Should we ban consumer drug ads? - Press release from PLoS Medicine

Is advertising medicines to consumers harmful or helpful?

The US and New Zealand are the only industrialized countries that allow direct-to-consumer advertising (DTCA) of prescription drugs, although New Zealand is planning a ban. Is it time for the US to also ban the practice? In a debate in the open access medical journal PLoS Medicine, authors with divergent viewpoints lay out the possible public health benefits and harms from such advertising.

Richard Kravitz (University of California, Davis), lead author of a recent study on DTCA, argues that DTCA should be regulated, rather than banned. Kravitz argues that DTCA could be used to promote the use of life-saving medicines, such as beta-blocker drugs for people who have had a heart attack. "On a population basis," he says, "underuse of effective therapies may cause more deaths per year than overuse."

DTCA could deliver net public health benefits, says Kravitz, provided it was used only to advertise safe, effective, underused drugs for serious medical conditions. "The question for US policymakers is not whether DTCA should be banned," he says, "but how can its benefits be maximized and risks minimized within our free enterprise system."

Elizabeth Almasi and Randall Stafford (Stanford University) hypothesize that DTCA might in fact produce a valuable placebo effect. They argue that such advertising is likely to raise patients' expectations about a medicine's benefits, which "may increase the effectiveness of medications beyond that which is expected from their purely biological mechanisms."

And such raised expectations, they argue, might even motivate patients to collaborate with their physicians, and thereby increase the quality of their care.

But although there may be some evidence of benefits from DTCA, argues Peter Mansfield (Director of the nonprofit organization Healthy Skepticism, at www.healthyskepticism.org), there is stronger evidence of harms.

In his critique of DTCA, Mansfield says that "DTCA is limited to drugs that are profitable to advertise: mostly expensive, new drugs for long-term use for common indications. Such advertising increases premature rapid uptake and overuse of new drugs before flaws, including safety problems, have been discovered and communicated to health professionals."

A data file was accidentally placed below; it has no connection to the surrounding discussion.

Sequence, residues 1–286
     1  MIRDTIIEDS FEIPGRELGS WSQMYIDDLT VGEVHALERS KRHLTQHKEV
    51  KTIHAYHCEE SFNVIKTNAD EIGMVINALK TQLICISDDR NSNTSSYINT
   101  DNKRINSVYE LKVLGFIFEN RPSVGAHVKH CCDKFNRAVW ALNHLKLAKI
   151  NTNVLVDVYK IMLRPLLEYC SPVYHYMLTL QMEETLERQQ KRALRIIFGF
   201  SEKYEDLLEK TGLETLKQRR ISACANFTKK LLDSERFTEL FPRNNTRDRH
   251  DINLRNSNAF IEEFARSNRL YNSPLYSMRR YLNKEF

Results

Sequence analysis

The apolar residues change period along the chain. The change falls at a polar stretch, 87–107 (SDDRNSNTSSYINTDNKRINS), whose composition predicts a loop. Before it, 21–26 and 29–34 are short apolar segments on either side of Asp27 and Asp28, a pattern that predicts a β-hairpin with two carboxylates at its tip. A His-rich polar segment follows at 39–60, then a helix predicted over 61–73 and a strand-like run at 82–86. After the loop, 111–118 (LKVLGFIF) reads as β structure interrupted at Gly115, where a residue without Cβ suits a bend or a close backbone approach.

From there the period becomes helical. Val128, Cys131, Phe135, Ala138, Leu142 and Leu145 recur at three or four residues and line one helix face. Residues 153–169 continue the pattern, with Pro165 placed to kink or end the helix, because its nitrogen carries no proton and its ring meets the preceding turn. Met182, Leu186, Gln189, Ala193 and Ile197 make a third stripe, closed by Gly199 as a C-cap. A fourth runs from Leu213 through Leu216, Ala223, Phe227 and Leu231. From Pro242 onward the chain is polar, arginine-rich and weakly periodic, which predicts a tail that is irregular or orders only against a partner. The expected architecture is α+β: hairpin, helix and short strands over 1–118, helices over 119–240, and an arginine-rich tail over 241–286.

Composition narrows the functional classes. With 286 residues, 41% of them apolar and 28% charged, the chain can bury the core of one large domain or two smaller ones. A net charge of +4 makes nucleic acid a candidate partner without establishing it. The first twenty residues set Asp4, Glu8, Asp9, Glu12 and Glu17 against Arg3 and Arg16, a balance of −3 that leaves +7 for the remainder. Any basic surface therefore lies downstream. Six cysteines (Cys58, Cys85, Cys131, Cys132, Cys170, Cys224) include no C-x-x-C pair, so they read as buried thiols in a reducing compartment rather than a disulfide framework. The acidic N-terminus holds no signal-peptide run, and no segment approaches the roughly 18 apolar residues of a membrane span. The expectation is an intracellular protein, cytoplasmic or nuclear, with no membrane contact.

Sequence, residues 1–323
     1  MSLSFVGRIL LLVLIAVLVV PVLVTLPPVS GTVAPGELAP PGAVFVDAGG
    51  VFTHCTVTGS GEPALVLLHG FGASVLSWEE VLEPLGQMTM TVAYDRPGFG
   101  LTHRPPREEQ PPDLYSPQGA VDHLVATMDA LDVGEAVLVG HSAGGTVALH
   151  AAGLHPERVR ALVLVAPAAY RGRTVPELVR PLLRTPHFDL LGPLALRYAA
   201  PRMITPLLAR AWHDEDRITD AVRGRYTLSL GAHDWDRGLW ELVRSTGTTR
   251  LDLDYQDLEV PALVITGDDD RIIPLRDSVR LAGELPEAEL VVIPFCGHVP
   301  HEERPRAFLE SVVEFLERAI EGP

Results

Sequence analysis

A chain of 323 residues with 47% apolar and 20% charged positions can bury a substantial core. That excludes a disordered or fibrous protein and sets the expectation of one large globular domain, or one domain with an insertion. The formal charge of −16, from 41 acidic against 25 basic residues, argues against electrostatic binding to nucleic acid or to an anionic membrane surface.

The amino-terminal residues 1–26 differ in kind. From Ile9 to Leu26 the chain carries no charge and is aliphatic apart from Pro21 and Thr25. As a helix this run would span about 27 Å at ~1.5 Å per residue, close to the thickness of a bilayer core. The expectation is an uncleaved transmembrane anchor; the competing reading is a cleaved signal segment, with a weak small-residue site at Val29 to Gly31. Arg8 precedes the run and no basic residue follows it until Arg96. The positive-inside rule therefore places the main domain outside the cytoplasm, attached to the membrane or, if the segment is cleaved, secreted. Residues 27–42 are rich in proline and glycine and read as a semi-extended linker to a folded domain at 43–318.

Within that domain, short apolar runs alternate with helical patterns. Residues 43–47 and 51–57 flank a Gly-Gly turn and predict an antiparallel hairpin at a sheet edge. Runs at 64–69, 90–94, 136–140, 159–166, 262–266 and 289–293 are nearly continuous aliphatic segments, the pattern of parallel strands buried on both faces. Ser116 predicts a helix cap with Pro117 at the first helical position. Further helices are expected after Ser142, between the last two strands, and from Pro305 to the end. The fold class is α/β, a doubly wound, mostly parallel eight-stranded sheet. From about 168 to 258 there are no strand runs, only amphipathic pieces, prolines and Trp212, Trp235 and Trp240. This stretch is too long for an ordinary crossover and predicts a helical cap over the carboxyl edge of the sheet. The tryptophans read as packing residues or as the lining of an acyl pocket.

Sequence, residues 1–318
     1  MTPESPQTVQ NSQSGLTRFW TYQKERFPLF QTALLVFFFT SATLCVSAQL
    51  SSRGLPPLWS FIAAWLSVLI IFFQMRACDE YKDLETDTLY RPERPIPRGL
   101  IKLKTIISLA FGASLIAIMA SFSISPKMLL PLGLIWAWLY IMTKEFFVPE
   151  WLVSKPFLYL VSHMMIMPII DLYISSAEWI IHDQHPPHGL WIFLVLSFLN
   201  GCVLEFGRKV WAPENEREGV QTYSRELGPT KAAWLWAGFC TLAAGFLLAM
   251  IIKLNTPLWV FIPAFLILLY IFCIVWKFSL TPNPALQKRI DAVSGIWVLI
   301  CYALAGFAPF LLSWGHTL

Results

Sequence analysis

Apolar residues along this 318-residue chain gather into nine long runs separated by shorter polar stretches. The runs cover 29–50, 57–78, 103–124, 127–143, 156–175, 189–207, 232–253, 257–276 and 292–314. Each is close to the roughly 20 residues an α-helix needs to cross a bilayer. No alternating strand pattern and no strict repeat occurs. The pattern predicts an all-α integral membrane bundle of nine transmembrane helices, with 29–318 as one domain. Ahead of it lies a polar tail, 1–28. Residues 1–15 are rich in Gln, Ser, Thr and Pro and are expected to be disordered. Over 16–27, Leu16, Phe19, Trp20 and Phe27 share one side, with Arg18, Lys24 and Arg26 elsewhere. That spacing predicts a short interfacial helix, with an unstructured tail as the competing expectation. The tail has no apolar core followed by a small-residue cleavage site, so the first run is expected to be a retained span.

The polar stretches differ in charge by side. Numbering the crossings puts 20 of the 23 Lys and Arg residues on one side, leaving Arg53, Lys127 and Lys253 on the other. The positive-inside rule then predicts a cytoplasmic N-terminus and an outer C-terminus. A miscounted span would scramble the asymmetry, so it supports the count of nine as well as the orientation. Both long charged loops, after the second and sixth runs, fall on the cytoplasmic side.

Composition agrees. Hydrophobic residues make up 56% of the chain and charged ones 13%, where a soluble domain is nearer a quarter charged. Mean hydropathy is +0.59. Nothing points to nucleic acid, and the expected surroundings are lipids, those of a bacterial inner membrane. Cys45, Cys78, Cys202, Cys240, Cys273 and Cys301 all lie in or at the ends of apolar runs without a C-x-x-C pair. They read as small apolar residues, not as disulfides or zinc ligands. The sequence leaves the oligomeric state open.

Such advertising, he argues, "aims to persuade rather than to inform," and studies of DTCA have found that the information is usually flawed and incomplete. "There's a better way than DTCA," says Mansfield. DTCA should be banned, he says, and replaced with unbiased, publicly funded health information campaigns.

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Citation: Almasi EA, Stafford RS, Kravitz RL, Mansfield PR (2006) What are the public health effects of direct-to-consumer drug advertising? PLoS Med 3(3): e145.

PLEASE ADD THE LINK TO THE PUBLISHED ARTICLE IN ONLINE VERSIONS OF YOUR REPORT: http://dx.doi.org/10.1371/journal.pmed.0030145

PRESS-ONLY PREVIEW OF THE ARTICLE: http://www.plos.org/press/plme-03-03-almasi.pdf

CONTACTS:
Elizabeth Almasi
Stanford University
Stanford Prevention Research Center
Hoover Pavilion, 211 Quarry Road
Stanford, CA 94309, USA
+1-925-354-7522
+1-650-725-6906 (fax)
ealmasi@stanford.edu

Randall Stafford
Stanford University
Stanford Prevention Research Center
Hoover Pavilion, 211 Quarry Road
Stanford, CA 94305-5705, USA
+1-650-724-2400
+1-650-725-6906 (fax)
rstafford@stanford.edu

Richard Kravitz
University of California Davis
Center for Health Services in Primary Care
2103 Stockton Blvd
2226 Grange Bldg
Sacramento, CA 95817, USA
rlkravitz@ucdavis.edu

Peter Mansfield
Healthy Skepticism Inc.
34 Methodist St
Willunga, SA 5172, Australia
peter@healthyskepticism.org

About PLoS Medicine

PLoS Medicine is an open access, freely available international medical journal. It publishes original research that enhances our understanding of human health and disease, together with commentary and analysis of important global health issues. For more information, visit http://www.plosmedicine.org

About the Public Library of Science

The Public Library of Science (PLoS) is a non-profit organization of scientists and physicians committed to making the world's scientific and medical literature a freely available public resource. For more information, visit http://www.plos.org


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